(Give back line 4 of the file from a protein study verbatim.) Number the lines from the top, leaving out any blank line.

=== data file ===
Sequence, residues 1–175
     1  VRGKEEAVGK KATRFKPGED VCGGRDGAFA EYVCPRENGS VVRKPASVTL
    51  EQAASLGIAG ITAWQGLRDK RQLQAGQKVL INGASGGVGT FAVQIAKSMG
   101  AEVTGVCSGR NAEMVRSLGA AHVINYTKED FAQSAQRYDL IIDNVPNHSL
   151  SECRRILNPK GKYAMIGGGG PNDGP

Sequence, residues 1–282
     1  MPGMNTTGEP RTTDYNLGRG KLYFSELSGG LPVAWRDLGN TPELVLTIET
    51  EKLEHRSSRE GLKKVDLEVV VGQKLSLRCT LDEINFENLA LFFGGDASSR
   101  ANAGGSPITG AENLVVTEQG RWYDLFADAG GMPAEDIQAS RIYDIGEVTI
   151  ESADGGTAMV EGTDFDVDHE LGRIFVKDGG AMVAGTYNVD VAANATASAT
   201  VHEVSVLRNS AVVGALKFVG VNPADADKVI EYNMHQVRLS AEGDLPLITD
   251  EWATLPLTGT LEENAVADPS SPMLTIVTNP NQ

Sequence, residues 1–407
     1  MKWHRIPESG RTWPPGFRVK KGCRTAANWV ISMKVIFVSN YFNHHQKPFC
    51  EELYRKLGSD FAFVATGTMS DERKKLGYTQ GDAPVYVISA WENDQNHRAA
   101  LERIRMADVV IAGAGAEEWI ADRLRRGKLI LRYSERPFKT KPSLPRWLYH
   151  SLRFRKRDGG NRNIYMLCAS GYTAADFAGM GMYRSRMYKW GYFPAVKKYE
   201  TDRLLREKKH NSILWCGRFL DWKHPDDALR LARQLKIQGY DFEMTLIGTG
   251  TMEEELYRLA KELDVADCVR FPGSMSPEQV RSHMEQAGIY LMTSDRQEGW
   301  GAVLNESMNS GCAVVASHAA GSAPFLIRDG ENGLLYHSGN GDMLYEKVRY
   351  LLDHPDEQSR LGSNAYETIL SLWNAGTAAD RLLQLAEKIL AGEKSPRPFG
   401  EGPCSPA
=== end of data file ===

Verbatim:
   101  AEVTGVCSGR NAEMVRSLGA AHVINYTKED FAQSAQRYDL IIDNVPNHSL